1. the strength and weakness of LanXang kingdom

2. Lao-Thai love/hate relationship. What are the cause and the remedy, if any? Most importantly, the role of Siam (present day Thailand) in the breaking up of Lao consciousness. Is this act intentional or a mere by-product of history?

3. The role of Vietnam in the making and/or breaking of LanXang kingdom: myth and facts

4. Was Isan Lao? How strong was the evidence?

5. Was LanXang a strong kingdom? Or a mere conglomeration of petty fiefdoms?

6. Are the Lao the dying race unable to generate its own momentum? If not, what are the signs that constantly elude even the forward thinking Lao?

7. What if France didn’t snatch the present day Laos from Siam, would LanXang ever revive? What was destroyed with the dismantling of LanXang kingdom into 2 separate entities: Laos of Indochinese France and Isan of Thailand?

Most importantly, this symposium will force Lao people to take a good look at their history in its most defying moment, though tragic it may be: Chao Anou’s defying act against Siam. After all said and done, Chao Anou’s reign is the key to Lao history in its microscopic form. 

Simply said, the Lao heart lies here in its cowardice and in its valor. What they need to do is to open their hearts and ask themselves: ‘what kind of Lao are we?’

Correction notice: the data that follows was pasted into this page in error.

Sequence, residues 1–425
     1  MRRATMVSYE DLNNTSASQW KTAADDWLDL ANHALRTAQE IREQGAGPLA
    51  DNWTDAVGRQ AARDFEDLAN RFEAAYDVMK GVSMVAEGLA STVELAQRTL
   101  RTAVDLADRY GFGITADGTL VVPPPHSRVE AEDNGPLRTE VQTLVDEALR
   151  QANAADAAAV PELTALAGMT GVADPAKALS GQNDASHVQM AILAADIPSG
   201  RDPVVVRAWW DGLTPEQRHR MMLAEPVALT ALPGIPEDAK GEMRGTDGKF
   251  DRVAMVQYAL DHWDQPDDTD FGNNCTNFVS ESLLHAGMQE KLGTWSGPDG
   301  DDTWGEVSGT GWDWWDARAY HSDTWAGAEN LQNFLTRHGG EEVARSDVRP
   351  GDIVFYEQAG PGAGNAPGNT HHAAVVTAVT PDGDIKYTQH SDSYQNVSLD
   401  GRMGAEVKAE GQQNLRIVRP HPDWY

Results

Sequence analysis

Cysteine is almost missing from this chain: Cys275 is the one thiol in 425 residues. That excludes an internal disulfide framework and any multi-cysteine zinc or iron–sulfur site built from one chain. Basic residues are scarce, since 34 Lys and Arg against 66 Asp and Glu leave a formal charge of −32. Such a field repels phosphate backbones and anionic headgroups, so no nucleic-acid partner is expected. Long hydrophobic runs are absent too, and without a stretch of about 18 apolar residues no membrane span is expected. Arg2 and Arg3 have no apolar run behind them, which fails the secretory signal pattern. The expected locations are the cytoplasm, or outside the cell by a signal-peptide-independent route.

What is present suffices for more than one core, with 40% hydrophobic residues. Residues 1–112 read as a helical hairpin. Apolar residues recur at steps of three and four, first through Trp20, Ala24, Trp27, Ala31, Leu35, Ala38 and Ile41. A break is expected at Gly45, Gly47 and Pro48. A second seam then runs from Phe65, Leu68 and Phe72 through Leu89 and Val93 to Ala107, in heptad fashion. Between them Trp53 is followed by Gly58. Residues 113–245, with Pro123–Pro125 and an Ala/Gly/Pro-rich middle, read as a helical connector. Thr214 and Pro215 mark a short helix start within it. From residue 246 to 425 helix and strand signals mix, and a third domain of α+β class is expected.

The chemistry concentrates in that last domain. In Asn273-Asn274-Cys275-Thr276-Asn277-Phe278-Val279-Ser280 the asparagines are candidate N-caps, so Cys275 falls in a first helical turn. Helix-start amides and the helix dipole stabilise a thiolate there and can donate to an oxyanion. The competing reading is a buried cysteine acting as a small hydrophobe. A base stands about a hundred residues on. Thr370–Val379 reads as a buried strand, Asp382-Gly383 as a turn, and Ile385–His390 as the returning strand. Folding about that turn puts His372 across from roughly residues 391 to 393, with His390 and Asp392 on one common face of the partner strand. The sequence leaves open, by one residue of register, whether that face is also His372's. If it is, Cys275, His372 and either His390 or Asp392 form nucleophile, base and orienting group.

Lastly, Lao people need to come to terms with their own history and then to iron out their constructed difference or they will be just a pretentious heir to LanXang kingdom.

What this symposium aims to accomplish is to make the Lao people give a serious thought to who they are, where they come from and where they are going as a people. Not the least, this symposium wants them to not taking any piece of history for granted but put it through the test of arguments, logic and evidences. If this goal is actualized, it will be worth the effort of the organizers and those who participate in this event.

Possible agenda

Morning session:

Speaker on Lao history from 1353 to 1694 – the end of Chao Souriyavongsa’s reign.

Q&A Panelists on the above topic

Q&A Afternoon session: Speaker on Chao Anou’s reign

Q&A Panelists on the above topic

Q&A Hakphaang,

Kongkeo Saycocie

p.s. any comments or suggestions are wholeheartedly welcome and greatly appreciated here. After all, this is just an initial conception of the symposium on my part. I am sure that, with many heads together either through you or the to-be-appointed committees, the best symposium on Lao history will be formed.

more info  http://www.panyasin.net or http://www.muanglao.com



from laowaves.comFA GHOUM (1316 - 1374 ), founder of and the first king of Lane Xang who created the first unified state of the Lao people.

Fa Ngum was the grandson of Souvanna Khamphong, the last in a long line of loyal rulers of the principality of Muang Swa, later called Luang Prabang. According to the legend, Souvanna Khamphong banished Fa Ngum’s father for having seduced one of Khamphong’s concubines. The family fled to Cambodian capital at Angkor, where he married a Khmer princess.